Written by Clay Smith
CXR was a poor screening test for acute aortic syndrome. If you suspect this diagnosis, just get a CTA.
Why does this matter?
Guidelines recommend CXR to screen for acute aortic syndromes in low pretest probability patients. As a review, the findings of acute aortic syndrome on CXR are: “poor definition or irregularity of the aortic contour, double aortic knob sign, inward displacement of aortic wall calcification by more than 10 mm, tracheal displacement to the right, displacement of a nasogastric tube, left sided pleural effusion, suspected pericardial effusion, left apical opacity,” and mediastinal enlargement (ME), “defined as a maximum width of mediastinum ≥80 mm at the level of the aortic knob or a ratio of mediastinum to chest width >0.25 or ME based on subjective evaluation.” How does CXR actually perform as a screening test?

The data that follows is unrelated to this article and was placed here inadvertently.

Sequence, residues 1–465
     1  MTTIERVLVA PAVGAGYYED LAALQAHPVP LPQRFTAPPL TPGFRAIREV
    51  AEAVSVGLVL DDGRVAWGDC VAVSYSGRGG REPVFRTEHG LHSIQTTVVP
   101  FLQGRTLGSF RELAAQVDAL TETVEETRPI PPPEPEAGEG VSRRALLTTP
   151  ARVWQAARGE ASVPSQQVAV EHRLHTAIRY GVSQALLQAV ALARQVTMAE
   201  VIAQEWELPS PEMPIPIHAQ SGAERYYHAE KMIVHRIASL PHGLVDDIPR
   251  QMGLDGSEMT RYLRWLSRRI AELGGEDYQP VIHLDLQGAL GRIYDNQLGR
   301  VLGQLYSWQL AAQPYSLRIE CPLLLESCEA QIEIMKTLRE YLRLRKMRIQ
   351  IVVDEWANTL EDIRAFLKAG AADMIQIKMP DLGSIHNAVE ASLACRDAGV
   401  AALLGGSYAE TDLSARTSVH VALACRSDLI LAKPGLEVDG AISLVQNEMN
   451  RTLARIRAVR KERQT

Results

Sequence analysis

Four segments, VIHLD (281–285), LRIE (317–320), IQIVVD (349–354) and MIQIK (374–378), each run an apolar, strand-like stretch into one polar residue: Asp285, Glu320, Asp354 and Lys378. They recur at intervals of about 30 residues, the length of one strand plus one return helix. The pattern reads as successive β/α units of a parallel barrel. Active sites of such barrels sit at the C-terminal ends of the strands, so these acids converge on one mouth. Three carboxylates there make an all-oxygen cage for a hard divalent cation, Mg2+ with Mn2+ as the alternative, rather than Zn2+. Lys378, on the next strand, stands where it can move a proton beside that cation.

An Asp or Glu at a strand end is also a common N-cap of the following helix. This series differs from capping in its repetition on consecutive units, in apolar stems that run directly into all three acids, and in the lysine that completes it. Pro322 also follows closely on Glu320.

Not the way to screen for this problem
This was a secondary analysis of ADviSED. Use of an aortic dissection detection risk score plus mediastinal enlargement on CXR had sensitivity of 67%, specificity 83%. The risk score plus any sign on CXR had sensitivity 69%, specificity 77%. For CXR alone, without the risk score, sensitivity was 54%, specificity 92% for mediastinal enlargement; sensitivity 60%, specificity 85% for any sign on CXR. Inter-rater agreement between radiologists for mediastinal enlargement was fair to moderate (k = 0.44). What this all means is that a CXR is a poor screening tool for acute aortic syndromes. If mediastinal enlargement or other signs are seen on CXR, this is concerning and needs further workup. If you suspect acute aortic syndrome, it’s best to just get a CTA.
Integrated use of conventional chest radiography cannot rule out acute aortic syndromes in emergency department patients at low clinical probability. Acad Emerg Med. 2019 Jun 20. doi: 10.1111/acem.13819. [Epub ahead of print]
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Reviewed by Thomas Davis